The Osprey designed Ian Proctor has stood the test of time, sailable in all but the most extreme weather conditions, whether inland reservoir, tidal rivers or mountainous seas. A well behaved and balanced boat, capable of sailing or racing with a crew of two or three, with one trapeze. She is provided with a spacious interior, with a choice of fittings and layout, rig and sails allowing competitive pricing.
It is a one Design Class rules are administered by the RYA although cosmetic improvements have occurred over the years. Old boats can still (and often do) compete at the top end of the fleet.
With a UK handicap of 938 the Osprey is a fast exciting boat to sail. The Osprey relies on the traditional values of boat design, dating back to the 1950’s, to achieve its speed. An Osprey doesn’t struggle upwind only to fly on the downhill leg, it’s simply fast all over the course.
Upwind performance is catered for by a large over-lapping Genoa, whereas off-wind speed is generated by the large spinnaker emerging from the ‘chute. (Spinnaker bags are a rare sight due to the generous freeboard provided in the original design. This makes the intake of water so minimal as to render bags an inconvenience compared to the speed of a ‘chute.)
With the ever increasing sophistication and competitiveness of many classes, competent helms and crews are finding themselves off the pace as a result of being either too heavy or light. Crew weight has never featured highly in the Osprey Class with a range of weights that any other class would find hard to beat. After all, with a hull weight of 134kg the boat itself is no lightweight. Perhaps this is the reason why the odd 7kgs or so of crew weight does not make that much difference. The extra weight and power upwind only results in a penalty downwind!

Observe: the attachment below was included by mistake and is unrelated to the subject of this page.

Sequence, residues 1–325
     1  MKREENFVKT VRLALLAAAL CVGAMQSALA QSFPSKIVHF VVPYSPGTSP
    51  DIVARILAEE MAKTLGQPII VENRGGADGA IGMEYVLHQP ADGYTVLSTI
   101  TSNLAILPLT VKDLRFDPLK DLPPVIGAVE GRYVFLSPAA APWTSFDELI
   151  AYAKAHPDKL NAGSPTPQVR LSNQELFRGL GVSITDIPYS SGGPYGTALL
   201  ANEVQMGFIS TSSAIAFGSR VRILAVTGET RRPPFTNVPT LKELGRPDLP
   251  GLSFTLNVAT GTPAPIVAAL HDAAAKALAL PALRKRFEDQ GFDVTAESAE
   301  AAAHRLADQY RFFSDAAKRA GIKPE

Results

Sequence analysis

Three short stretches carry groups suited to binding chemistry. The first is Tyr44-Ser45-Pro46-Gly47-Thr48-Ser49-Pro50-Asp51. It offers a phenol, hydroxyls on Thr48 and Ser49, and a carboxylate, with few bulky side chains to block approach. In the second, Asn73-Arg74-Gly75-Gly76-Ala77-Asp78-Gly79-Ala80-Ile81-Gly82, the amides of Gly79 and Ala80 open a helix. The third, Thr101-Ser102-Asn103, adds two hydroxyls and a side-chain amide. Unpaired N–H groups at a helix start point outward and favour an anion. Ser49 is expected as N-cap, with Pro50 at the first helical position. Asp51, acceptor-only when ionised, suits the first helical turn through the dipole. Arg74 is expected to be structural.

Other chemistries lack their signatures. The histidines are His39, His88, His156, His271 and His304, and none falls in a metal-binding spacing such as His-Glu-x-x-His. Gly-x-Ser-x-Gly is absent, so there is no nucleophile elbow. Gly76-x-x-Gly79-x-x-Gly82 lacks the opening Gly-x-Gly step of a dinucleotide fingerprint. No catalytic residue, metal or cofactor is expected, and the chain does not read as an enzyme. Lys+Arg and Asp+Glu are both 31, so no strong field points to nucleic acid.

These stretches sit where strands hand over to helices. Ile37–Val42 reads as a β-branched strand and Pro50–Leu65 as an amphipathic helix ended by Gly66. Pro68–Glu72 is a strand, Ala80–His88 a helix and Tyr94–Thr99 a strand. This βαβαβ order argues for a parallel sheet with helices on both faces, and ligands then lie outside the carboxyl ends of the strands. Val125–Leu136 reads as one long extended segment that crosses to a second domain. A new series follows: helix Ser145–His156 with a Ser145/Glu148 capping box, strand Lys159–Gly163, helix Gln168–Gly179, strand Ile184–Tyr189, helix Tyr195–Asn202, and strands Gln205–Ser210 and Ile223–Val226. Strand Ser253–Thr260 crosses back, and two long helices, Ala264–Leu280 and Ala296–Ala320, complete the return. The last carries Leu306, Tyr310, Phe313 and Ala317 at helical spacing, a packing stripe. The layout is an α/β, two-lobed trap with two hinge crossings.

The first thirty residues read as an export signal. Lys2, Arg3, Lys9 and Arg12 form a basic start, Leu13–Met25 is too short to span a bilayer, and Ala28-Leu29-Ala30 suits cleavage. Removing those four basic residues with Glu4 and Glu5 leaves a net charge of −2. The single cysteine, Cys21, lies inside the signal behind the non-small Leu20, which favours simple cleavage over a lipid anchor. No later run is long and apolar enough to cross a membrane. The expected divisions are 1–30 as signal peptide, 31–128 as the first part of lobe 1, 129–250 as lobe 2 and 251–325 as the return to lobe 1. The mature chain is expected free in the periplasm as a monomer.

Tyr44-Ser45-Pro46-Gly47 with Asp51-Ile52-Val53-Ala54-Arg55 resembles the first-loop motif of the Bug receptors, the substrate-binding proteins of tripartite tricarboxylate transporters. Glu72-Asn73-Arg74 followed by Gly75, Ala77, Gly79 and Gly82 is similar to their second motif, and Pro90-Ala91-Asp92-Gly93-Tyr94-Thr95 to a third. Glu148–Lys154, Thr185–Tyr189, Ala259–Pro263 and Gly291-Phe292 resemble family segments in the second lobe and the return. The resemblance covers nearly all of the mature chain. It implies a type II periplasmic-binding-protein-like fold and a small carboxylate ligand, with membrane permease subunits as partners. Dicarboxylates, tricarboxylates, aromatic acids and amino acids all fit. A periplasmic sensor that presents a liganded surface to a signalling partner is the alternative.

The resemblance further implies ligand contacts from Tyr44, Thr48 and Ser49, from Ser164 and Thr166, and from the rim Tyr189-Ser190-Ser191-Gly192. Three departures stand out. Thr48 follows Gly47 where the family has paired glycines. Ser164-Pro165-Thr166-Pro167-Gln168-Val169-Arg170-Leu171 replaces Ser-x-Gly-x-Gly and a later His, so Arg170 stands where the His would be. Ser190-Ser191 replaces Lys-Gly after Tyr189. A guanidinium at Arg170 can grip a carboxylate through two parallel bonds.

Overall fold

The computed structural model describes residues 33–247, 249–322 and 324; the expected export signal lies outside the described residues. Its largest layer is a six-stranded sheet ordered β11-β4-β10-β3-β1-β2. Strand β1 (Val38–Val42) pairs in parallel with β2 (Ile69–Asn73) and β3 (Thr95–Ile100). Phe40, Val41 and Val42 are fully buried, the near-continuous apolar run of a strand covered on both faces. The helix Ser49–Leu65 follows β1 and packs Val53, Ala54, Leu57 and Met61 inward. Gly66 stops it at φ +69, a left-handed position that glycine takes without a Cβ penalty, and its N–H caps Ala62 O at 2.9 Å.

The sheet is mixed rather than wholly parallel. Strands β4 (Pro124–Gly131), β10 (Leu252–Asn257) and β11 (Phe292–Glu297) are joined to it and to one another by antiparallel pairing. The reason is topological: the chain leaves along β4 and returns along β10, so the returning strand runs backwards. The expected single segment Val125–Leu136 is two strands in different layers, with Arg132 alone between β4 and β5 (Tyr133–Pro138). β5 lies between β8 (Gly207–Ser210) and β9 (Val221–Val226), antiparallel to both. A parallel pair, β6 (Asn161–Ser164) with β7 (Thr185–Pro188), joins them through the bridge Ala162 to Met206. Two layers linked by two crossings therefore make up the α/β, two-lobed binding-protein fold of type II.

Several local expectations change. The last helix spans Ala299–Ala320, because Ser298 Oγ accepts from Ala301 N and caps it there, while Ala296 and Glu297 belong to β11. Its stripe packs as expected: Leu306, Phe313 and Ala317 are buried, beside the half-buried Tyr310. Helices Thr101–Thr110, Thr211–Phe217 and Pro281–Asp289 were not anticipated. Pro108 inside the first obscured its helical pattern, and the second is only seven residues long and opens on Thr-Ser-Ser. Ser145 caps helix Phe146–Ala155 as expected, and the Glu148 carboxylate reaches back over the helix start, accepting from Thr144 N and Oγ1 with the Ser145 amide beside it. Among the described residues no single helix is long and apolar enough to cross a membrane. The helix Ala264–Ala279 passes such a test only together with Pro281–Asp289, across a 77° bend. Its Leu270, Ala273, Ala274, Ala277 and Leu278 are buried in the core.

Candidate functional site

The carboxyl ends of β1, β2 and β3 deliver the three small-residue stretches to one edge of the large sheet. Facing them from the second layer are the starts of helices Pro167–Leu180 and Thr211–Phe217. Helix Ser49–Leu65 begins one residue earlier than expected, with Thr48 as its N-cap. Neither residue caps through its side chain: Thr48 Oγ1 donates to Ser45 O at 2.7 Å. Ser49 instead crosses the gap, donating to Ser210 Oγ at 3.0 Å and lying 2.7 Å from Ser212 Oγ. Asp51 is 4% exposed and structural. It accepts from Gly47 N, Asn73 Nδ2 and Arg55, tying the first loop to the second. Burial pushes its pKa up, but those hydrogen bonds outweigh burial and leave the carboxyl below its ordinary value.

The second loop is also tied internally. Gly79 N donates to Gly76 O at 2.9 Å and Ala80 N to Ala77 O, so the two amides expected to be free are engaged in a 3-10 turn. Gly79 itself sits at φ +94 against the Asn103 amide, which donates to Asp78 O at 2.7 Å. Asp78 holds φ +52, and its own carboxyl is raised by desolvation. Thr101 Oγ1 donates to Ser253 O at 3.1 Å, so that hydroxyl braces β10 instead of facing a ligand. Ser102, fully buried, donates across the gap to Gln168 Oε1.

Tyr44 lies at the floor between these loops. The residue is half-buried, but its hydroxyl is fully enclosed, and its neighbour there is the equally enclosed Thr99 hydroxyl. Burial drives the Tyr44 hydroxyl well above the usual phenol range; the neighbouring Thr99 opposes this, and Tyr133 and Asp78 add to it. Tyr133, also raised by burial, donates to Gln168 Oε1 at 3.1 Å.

Crewed an Osprey at Stone sailing club on the Essex Blackwater during the seventies. Magnificent boat with great longitudinal stability. Single handed on trapeze a dream!
I sailed an Osprey for a couple of years at RAF Changi Yacht Club in the late 60s. One of the most exciting dinghys of it’s time single handed trapezing and great to race 2 up.
In the very early 1960’s I built and sailed an Osprey, she was from a Bell Woodworking kit and was named Shady Lady. I sailed her with my young wife at Barmouth, west Wales, but then along came family, business etc. However, yesterday, after a gap of 45 years I had the delight of helming the one club Osprey at my new local club, Club Mojacar de Vela in southern Spain and today ( apart from a few aches ) I feel young again !
Just thought you would like to know,
My father sailed Ospreys In New Quay, Ceredigion, in the 1960s he was 5ft 2″ and as firey as can be skippering in a race. So few of us ever wanted to crew. He needed Weight so he hunted folks from anywhere, to crew including holiday makers off the pier! On a leisure sale he was great and loved to show off the Osprey’s performance. and I loved hanging out on the trapese, skimming the sea. He rarely won races because of the Handycap and the fact that he capsized a lot with light crews!! but he loved both boats to distraction. The later boat circa 1963 lighter and frisky. now its time for me to retire and invest in some fun.